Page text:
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I heard a joke from Swiss comedian/satirist Hazel Brugger on popular German TV show "Die Heute Show" and I didn't understand why it was funny. But I told it to several German friends and they all thought it was hilarious:

Die Bundeskanzlerin kommt zum Arzt, und der Arzt sagt, "Ah gut! Ich brauche eine Putzfrau, die schwarzarbeitet." - YouTube (3:18)

I guess the idea of Angela Merkel working as a cleaning lady on the black market is kind of funny, but I wasn't sure if this was a reference to some kind of German cultural phenomenon or story about Angela Merkel with which I wasn't familiar? Or is it just a silly joke with no deeper meaning?

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    Even after reading the answers, to me simply assembling words taken out of a situation is not funny by default ;-) – puck Dec 20 '20 at 11:12
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    To clarify: Did you tell the joke to your friends as you cited it here or did you show them the video? The "joke" in itself can only be misunderstood completely without the context of the video, and I really don't know how it would be hilarious to anyone. – HalvarF Dec 21 '20 at 12:03
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Ich vermute stark, dass der Witz darauf anspielt, dass Alice Weidel (die blonde Frau, die nach einem Witz gefragt wird) eine Putzfrau bei ihr angestellt und schwarz beschäftigt haben soll.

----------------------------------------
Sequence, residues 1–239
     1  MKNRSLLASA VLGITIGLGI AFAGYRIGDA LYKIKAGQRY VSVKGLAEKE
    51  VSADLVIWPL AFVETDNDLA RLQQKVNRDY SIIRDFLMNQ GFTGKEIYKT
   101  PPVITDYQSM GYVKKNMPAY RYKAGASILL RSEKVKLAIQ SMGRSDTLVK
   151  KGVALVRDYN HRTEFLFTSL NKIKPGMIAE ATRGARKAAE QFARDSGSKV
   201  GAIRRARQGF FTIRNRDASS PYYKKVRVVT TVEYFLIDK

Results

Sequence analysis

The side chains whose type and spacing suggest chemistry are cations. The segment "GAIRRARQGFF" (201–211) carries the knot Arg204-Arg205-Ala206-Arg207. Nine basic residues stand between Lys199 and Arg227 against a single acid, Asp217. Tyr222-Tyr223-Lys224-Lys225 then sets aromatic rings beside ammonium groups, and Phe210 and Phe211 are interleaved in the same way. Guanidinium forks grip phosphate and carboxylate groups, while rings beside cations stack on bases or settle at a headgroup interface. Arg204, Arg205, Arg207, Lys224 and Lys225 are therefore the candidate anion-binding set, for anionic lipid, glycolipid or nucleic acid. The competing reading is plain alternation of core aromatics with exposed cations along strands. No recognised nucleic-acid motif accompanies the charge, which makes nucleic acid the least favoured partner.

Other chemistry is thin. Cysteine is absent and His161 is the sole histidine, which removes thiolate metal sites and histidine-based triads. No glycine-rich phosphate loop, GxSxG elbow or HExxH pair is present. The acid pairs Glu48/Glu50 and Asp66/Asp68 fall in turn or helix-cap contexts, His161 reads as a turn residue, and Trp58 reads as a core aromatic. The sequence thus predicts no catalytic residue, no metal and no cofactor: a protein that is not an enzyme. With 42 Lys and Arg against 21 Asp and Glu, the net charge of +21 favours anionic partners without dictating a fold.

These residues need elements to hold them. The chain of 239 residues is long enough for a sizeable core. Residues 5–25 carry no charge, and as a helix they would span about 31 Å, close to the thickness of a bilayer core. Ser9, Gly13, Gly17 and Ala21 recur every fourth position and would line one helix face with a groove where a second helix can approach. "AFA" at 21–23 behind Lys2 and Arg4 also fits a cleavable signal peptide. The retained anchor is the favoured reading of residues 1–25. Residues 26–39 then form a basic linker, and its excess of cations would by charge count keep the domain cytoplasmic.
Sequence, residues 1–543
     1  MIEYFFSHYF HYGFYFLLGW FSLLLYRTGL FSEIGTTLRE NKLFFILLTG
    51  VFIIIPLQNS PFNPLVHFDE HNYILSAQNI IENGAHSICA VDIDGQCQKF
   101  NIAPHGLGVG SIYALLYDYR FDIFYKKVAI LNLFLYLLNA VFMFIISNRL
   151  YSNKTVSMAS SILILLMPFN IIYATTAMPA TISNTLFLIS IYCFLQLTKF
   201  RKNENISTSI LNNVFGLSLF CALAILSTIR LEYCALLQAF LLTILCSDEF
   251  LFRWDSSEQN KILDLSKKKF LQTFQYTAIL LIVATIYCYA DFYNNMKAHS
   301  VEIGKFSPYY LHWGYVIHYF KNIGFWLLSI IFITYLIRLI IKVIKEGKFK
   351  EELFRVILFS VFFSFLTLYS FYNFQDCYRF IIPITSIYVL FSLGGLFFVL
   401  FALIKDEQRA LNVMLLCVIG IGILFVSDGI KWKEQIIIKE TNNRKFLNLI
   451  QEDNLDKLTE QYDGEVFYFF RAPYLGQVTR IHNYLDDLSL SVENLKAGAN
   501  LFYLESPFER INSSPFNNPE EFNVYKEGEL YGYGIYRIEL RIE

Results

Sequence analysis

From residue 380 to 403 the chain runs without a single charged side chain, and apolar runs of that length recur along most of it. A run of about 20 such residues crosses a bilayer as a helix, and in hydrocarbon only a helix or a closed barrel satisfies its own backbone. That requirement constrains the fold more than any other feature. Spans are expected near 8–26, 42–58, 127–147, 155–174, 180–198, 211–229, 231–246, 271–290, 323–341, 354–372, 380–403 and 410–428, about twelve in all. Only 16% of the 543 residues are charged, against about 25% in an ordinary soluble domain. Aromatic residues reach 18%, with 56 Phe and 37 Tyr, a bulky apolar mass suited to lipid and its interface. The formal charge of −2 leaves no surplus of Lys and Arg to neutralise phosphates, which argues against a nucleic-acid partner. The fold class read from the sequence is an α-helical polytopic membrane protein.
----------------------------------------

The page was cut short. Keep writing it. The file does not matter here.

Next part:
I strongly suspect that the joke alludes to the fact that Alice Weidel (the blonde woman who is asked to tell a joke) is said to have unreported employed a cleaning lady at her place.

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First of all, this is not a joke. She makes fun of her interviewee. As others have already said here, the interviewee is Alice Weidel, a member of the right-wing populist to right-wing extremist party AfD, who is known for double standards and mock moral outrage. The AfD and its members have always been the target of (considered by many as deserved) scorn, ridicule and loathing. This is what Hazel Brugger's entire video is about. She attends an AfD election night party and makes fun of the members.

With the beginning "The Chancellor comes to the doctor", Brugger tries to induce Weidel to make a thoughtless statement. The AfD repeatedly sent insults and tips against Chancellor Merkel, so that Weidel could definitely make another slogan against Merkel. However, Weidel is a media professional enough that she knows that each of her comments is under special observation and does not get involved, so that Brugger spins the "joke" on Weidel. In such a way that she alludes to the fact that Weidel had illegally employed an asylum seeker, which became known two weeks before the interview.

(The video appeared on TV on September 29, 2017, two weeks after it became known that Weidel had employed an asylum seeker in an unreported employment [Schwarzarbeit].)

But why do your friends find the joke funny? Without the context (Weidel / illegal work) there is no punch line at all. First of all, the beginning of the joke follows familiar structures. In this case the "doctor joke". The listeners expect to laugh straight away. In addition, there have been jokes about Angela Merkel for decades, so people trust the joke to be funny too.

In this case there are three things that might be funny (they aren't, but they might).

  • The Chancellor should work for the doctor as a cleaning lady. So the comparison of the social positions and that the doctor disregards Merkel. Many people don't like Merkel and "wish" her this social decline.

  • Black is the color of Merkel's CDU party. The cleaning lady should work in an unreported employment - Schwarzarbeit.

  • Cleaning staff are mostly women. A humiliation based on their gender is also an option here. Mainly because of the rather negative term "Putzfrau".

But what do we Germans know about jokes anyway...